The difference between rules and manners on the beach


Here on the beach at Shiraishi Island in the Seto Inland Sea, there are few rules. You may swim year-round, even before umibiraki (the opening of the sea ceremony). You may have a bonfire on the beach at night, no problem. You may camp on the beach for free. And by all means, set off fireworks and have a BBQ!

One reason there are no rules on our beach is because there are also no facilities: no public showers, no public garbage cans, no lifeguards. There are no shade trees on the beach to sit under and no public picnic tables or barbecues.

So the burden falls on the residents to provide some of these services. If you want a shower after swimming, be willing to pay ¥200 for it. If you don’t want to take your garbage home with you, you’ll have to at least buy a designated city-approved garbage bag to toss it into after separating it into burnables, non-burnables and recyclables. If you want shade, you’ll have to bring your own umbrella, or rent an umi no ie (beach house) shade structure set up on the beach for this purpose (Japan’s answer to the “lounge chair with umbrella” rentals of the Riviera). If you want to change in and out of your swimsuit, you’ll have to either use the public toilet (the only public facility provided, not counting the sand on the beach) or pay ¥100 to use those set up by the locals.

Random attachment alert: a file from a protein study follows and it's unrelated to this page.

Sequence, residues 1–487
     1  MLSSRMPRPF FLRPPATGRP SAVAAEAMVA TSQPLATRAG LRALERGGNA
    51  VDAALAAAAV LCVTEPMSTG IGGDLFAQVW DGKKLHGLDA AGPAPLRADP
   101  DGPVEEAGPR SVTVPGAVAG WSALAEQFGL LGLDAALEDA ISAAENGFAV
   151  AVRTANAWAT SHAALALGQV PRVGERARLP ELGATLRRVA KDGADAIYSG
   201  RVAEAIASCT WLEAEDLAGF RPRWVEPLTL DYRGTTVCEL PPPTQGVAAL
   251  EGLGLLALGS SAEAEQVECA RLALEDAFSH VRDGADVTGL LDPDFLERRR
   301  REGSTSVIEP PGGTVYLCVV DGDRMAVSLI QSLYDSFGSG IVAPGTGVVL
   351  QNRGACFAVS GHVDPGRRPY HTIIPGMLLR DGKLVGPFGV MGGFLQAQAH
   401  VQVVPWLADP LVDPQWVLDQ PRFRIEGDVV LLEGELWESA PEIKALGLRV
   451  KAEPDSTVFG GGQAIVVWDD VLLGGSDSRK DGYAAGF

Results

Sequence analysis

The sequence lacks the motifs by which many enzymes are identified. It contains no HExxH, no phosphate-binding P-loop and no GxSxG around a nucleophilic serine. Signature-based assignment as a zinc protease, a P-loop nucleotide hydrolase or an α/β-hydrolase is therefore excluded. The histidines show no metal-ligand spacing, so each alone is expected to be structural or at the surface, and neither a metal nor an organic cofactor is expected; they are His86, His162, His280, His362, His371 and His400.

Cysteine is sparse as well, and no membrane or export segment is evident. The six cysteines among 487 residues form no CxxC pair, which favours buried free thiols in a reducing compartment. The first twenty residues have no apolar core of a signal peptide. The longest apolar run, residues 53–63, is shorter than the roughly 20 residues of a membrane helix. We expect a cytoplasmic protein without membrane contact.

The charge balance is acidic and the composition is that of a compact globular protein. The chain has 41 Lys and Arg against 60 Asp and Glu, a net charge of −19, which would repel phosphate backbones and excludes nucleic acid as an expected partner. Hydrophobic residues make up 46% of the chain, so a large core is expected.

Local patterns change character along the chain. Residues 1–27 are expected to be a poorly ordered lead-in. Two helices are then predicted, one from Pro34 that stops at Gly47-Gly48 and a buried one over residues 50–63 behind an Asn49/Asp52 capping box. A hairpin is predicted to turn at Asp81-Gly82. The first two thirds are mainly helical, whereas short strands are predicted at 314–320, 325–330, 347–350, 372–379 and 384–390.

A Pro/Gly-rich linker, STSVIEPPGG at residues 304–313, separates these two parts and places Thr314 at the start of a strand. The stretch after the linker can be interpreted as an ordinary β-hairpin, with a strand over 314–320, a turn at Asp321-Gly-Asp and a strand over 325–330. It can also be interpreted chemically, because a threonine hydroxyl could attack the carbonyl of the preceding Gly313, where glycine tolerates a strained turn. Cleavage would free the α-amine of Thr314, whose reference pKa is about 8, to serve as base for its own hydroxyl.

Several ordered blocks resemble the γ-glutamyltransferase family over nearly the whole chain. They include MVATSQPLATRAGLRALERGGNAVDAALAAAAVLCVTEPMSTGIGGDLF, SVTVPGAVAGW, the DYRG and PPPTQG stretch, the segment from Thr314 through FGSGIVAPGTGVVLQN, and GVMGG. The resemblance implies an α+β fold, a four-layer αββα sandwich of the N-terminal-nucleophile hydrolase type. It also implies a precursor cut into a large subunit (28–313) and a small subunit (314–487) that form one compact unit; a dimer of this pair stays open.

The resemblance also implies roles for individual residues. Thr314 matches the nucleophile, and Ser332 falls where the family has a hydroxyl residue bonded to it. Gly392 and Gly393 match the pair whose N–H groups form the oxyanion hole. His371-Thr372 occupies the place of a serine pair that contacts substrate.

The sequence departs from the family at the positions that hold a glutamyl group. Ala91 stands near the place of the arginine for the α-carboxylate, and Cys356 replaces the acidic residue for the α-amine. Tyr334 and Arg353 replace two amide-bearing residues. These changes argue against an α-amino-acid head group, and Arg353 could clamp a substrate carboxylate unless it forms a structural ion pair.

But it is the lack of rules that gives our small island appeal, and attracts a more laid-back clientele who appreciates the freedoms not often found on the beaches of mainland Japan with their crowds, parking lots, and limited hours of operation.

Yet despite our lack of beach rules, it’s amazing how many people still find rules to break.

1. Shade — a commodity: Shade structures cost ¥500 per person and can be used for the entire day. The purpose is to provide a table and shelter for those wishing to not carry a beach tent, sun umbrella, their own chairs, etc.

No, you will not try to scam shade by using the shadow cast by the sun over our umi no ie in the afternoon just because that tiny strip of shade is not actually inside the structure. Not only is this tacky, but the people who have paid for that table inside were not expecting to have neighbors suddenly appear next to or in front of them.

If, however, you’d enjoy volunteering on Sundays to dig deep holes in the sand, sink posts, cut wood, assemble bamboo roof covers, make tables, hang hammocks, buy screws and nails, paint two coats of stain, and do the weeding in the fall, winter and spring, then you are entitled to use the shade structure at a 10 percent discount.

You may not hang out your wet clothing, towels or swimsuits on our shade structure, nor may you use the hammocks, if you have not paid to use our umi no ie that we have created with our own hands, sweat and creativity.

You may not use our changing room which is provided solely for our shade-paying customers. You can use the public toilet or pay ¥100 to the old o-baachan down the beach who has one. Do not change your clothes out in the open just to save ¥100. Believe me, no one else wants to see your naked behind. I’m sorry it has to be me who breaks the news to you.